December 3, 2012
By Rabbi Arthur Waskow
The Shalom Center
Hanukkah’s Light beyond Doha’s Darkness
In Doha, Qatar, yet another conference of all the world’s governments has just ended — once again failing to take crucial steps to prevent world-wide climate disaster.
So once again this year, in our second letter about the Hanukkah that will begin this Saturday night, The Shalom Center is urging us all to take action to heal and rededicate the Earth, as the Universal Temple of all humanity and all life-forms.
The failure is the result of enormous pressure from Big Coal and Big Oil, preventing actions to reduce CO2 emissions that large majorities of Americans and the citizens of other countries support.
How can the 99% of us respond to this lethal failure by the powerful 1%?
The 99% are not helpless. Public pressure stopped the earth-threatening Tar Sands Pipeline and preserved the moratorium on water-threatening fracking in the Delaware River basin. The Occupy movement has alerted many of us to the dangers of corporate domination. Now what?
We can treat this dark season’s Festivals of Light as profound moments for sacred action on behalf of Life and YHWH/ Yahhh, the Breath of Life.
In this letter we are focusing on Hanukkah and its celebration of sacred Light in the Menorah. We are sharing with you The Shalom Center’s graphic symbol of the Temple Menorah as a Tree of Light, blossoming with light-filled life.
This year, the first night of Hanukkah comes on Saturday evening, December 5. As always, it comes when the moon is dark and the Earth is close to the winter solstice when (in the Northern Hemisphere) the night is as long as it gets, the sun is as dark as it gets.
In this time of darkness, we kindle a gathering bank of lights. If we are feeling depressed or despairing about our country, our world, our planet — now is the time to kindle new light.
Let us remember that a community of “the powerless” can overcome a great empire, giving us courage to face our modern corporate empires of Oil and Coal when they defile our most sacred Temple: Earth itself. And the reminder (again from Zechariah) that we triumph “Not by might and not by power but by My Spirit [b’ruchi — or, “My breath,” “My wind!”], says YHWH, the Infinite Breath of Life.”
We are taught not only to light the Hanukkah menorah, but to publicize the miracle, to turn our individual actions outward for the rest of the world to see and to be inspired.
So we invite you to join, this Hanukkah, in The Shalom Center’s Green Menorah Commitment for taking action -– personal, communal, and political – to heal the earth from the global climate crisis. Above is the symbol for the Green Menorah Covenant. (To expand it, click on it.)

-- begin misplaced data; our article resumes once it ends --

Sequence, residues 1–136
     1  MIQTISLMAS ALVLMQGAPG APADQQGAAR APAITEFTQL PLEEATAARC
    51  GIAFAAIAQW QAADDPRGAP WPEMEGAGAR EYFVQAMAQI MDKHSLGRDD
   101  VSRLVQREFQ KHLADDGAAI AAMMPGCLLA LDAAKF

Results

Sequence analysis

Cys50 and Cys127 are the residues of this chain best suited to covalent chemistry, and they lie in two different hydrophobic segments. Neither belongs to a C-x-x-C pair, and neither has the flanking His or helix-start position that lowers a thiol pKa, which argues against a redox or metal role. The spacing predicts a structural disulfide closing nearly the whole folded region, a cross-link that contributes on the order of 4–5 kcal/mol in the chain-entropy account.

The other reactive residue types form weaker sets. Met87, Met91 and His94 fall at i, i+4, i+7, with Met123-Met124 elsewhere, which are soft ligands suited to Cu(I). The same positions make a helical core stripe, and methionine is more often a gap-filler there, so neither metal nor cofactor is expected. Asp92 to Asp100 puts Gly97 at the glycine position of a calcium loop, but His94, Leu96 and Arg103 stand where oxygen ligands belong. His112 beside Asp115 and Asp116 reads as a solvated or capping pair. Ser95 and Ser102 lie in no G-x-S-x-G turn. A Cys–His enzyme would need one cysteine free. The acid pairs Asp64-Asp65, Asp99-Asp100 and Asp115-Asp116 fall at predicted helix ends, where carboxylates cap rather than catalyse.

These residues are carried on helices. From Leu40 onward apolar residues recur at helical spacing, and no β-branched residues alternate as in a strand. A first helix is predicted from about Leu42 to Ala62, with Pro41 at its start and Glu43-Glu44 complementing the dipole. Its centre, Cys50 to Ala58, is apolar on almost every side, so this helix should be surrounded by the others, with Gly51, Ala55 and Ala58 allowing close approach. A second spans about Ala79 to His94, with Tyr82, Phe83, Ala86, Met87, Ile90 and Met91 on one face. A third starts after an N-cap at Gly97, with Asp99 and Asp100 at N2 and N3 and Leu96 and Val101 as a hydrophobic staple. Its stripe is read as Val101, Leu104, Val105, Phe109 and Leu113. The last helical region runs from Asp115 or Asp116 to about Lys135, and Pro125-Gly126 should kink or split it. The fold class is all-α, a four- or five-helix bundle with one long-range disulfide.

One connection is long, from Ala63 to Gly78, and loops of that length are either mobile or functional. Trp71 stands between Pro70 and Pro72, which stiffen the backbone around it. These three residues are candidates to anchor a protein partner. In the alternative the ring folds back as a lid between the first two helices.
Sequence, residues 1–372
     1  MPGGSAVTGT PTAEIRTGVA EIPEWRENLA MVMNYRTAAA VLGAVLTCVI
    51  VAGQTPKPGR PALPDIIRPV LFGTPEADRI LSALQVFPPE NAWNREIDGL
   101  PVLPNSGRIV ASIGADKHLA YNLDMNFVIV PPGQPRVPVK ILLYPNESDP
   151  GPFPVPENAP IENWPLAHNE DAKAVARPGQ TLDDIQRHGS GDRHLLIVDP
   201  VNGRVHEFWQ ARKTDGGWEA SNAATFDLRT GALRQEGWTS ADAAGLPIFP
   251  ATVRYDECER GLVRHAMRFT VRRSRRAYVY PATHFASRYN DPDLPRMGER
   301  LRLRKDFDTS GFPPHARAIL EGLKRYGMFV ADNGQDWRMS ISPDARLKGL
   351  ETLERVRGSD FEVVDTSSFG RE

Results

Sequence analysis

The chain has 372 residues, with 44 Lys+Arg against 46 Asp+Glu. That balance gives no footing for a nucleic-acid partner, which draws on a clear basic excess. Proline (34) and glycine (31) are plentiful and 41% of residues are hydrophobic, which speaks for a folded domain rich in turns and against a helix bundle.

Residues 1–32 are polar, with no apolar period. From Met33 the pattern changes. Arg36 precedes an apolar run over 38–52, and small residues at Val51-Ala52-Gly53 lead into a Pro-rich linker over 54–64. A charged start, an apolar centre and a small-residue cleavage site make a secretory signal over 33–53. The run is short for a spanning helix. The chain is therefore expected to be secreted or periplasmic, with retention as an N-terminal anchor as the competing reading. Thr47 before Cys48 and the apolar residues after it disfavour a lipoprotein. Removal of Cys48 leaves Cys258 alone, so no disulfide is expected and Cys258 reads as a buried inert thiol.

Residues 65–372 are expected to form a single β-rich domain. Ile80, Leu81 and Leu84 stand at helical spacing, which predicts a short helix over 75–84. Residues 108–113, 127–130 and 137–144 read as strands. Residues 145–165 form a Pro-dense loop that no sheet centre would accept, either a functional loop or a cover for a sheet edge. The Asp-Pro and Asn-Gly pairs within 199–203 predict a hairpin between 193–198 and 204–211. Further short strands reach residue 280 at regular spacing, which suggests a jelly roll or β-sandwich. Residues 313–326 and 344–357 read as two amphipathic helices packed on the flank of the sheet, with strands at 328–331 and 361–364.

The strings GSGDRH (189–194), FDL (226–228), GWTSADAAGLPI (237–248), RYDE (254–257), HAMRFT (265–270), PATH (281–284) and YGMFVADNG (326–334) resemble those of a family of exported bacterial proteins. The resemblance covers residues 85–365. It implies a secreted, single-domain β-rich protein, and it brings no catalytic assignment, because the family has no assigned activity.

And here is how we can encode these teachings of Hanukkah into actions we take to heal the earth, one action for each of the eight days. We begin at home and enlarge the circle of action step by step, to the national level:
After lighting your menorah each evening, dedicate yourself to making the changes in your life that will allow our limited sources of energy to last for as long as they’re needed, and with minimal impact on our climate.
No single action will solve the global climate crisis, just as no one of us alone can make enough of a difference. Yet, if we act on as many of the areas below as possible, and act together, a seemingly small group of people can overcome a seemingly intractable crisis. We can, as in days of old, turn this time of darkness into one of light.
Day 1: Personal/Household: Call your electric-power utility to switch to wind-powered electricity. (For each home, 100% wind-power reduces CO2 emissions the same as not driving 20,000 miles in one year.)
Day 2: Congregation, Hillel, JCC, retirement home, etc: Urge your congregation or community building to do an energy/insulation audit. Urge switching to wind-powered rather than coal-powered electricity. Call your utility company to learn how.
Day 3. Your network of friends, Twitter buddies, Facebookers, and the members of civic or professional groups you belong to: If you have friends like newspaper editors, labor union or professional association leaders, real-estate developers, architects, bankers, etc. urge them to strengthen the green factor in all their decisions and actions.
Day 4: Workplace or College: Urge the top officials to arrange an energy audit. Check with utility company about getting one free or at low-cost.
Day 5: Town/City: Urge town/city officials to require greening of buildings through persuasion of businesses, ordinances, tax policy, and executive orders. Creating change is often easier on the local level!
Day 6: State: Urge state legislators to reduce subsidies for highways, increase them for mass transit. In states (like Pennsylvania, NY) where high-profit oil/ gas companies are trying to “frack” Oil Shale deposits, demand a moratorium until we can get full information on what poisonous chemicals are being poured into the water table and our drinking water.
Day 7. (which this year is Shabbat). Automobile: If possible, choose today or one other day every week to not use your car at all. Every day, lessen driving: use public transit, bike, walk. Shop on-line. Cluster errands. Carpool. Don’t idle engine beyond 20 seconds.
Day 8: National: Some Senators and Congressmembers are seeking to cripple EPA (Environmental Protection Agency), mostly to protect Big Coal. Oppose them! Urge your Congressmember and Senators to strengthen EPA to regulate CO2 emissions from coal-burning plants, autos, oil refineries, etc. — for the sake of our planet’s climate, and to lessen asthma outbreaks among our children.
Please remember to include The Shalom Center in your Hanukkah gifts by clicking on the “Donate” line just below my signature. Thanks!
Happy Hanukkah for Planet Earth —- and you!
Blessings of light in a month of dark, hope in a time of doubt. — Arthur